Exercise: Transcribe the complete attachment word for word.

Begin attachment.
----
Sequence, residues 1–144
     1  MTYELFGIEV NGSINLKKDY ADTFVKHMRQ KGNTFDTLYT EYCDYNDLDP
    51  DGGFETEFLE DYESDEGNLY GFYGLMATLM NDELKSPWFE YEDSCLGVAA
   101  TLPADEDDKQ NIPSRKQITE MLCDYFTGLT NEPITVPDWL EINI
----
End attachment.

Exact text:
Sequence, residues 1–144
     1  MTYELFGIEV NGSINLKKDY ADTFVKHMRQ KGNTFDTLYT EYCDYNDLDP
    51  DGGFETEFLE DYESDEGNLY GFYGLMATLM NDELKSPWFE YEDSCLGVAA
   101  TLPADEDDKQ NIPSRKQITE MLCDYFTGLT NEPITVPDWL EINI